In a few minutes an order came for the Company to take position in the rear of the Hotel
which we done in double quick time As we marched in the back of a fense where the
weeds was tall, two of the enemy who had been more venturesome than the rest, had
crawled through the weeds and gained the fence.  Some of the company, who I could
name, said look at them g_d d__d rebels lying there, no sooner said than done, up went
some guns and those two enemies was no more.

     We remained here in line a few minutes when w were ordered back down to our
former position that the enemy was throwing a force arround to the east to cut us off
from any outlet and would have us completely surrounded.

Back we went on double quick time, this gave the enemy a chance to crall up through
the weeds to the position we had just vacated.  They mad a rush for the rear of the
Hotel and gained admission.  Our boys from the street me them in the house and there
was furious fighting inside. Sounded like pop corn in c covered Skillet.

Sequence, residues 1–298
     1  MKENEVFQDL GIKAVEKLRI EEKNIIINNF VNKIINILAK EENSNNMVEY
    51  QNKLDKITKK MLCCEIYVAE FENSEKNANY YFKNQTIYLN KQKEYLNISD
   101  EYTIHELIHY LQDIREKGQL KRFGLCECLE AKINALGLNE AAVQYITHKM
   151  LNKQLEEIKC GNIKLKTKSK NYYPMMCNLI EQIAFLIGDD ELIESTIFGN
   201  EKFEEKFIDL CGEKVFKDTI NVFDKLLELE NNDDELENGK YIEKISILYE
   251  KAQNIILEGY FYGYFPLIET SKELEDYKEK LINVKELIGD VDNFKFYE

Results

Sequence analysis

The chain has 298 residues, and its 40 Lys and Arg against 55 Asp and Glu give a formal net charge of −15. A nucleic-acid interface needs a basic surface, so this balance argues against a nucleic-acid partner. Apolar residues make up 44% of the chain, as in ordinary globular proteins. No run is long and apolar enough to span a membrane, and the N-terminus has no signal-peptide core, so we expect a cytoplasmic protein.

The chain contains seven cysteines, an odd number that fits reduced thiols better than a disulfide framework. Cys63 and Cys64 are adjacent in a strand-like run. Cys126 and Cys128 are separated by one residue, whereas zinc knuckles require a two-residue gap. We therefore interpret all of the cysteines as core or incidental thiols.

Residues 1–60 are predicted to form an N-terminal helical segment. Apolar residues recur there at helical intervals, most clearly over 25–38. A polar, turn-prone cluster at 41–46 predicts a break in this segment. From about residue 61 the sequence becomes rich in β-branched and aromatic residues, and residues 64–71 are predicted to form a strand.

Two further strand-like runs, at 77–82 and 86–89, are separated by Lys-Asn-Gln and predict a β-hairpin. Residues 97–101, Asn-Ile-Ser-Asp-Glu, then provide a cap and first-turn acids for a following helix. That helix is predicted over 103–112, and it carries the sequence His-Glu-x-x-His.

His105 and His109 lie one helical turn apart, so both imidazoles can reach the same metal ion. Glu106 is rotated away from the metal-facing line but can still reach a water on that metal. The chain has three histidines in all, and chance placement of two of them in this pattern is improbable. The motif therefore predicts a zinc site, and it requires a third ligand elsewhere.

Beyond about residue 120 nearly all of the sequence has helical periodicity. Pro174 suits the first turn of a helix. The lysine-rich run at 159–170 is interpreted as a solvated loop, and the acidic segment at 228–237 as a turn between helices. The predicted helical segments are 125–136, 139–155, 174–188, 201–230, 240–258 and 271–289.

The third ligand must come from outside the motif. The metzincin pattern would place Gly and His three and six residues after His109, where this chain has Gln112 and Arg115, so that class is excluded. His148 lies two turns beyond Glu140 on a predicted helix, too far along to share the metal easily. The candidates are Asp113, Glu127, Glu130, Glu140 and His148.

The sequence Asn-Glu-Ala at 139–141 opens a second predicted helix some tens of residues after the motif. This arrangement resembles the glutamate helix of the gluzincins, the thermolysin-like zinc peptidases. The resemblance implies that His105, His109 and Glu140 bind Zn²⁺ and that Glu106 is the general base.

Before the fighting ceased inside Smoke began to come out of the upper window of the
house followed a few moments later by flame.  This was the upper South window. No
man could have lived long enough to set fire to the building on the ground at the South
end, for the street was swarming with blue coats.

About this time Maj. Foster was wounded and an order came for Co.F to mount and
make a Cavalry charge upon the enemy which was locate on the east side of the hedge
fence east of where the battery was located which was playing havoc with the

The company mounted rode up to where the battery was located turned South knocked
down a rail fence that joined onto the huge. Went on South until a gap was found n the
hedge pass through into another corn field.  Went out some twenty or thirty rows turned
north then wheeled into line and made a charge up to the hedge fence just about where
the cemetery now is.

The enemy was packed in there as thick as they could lay on the ground.  They rose up
and give Co F a frightful volley, wounded quite a few.  My horse was wounded and
began to plunge and buck, I grabed hold of his mane, left my hat as a Souvenir for the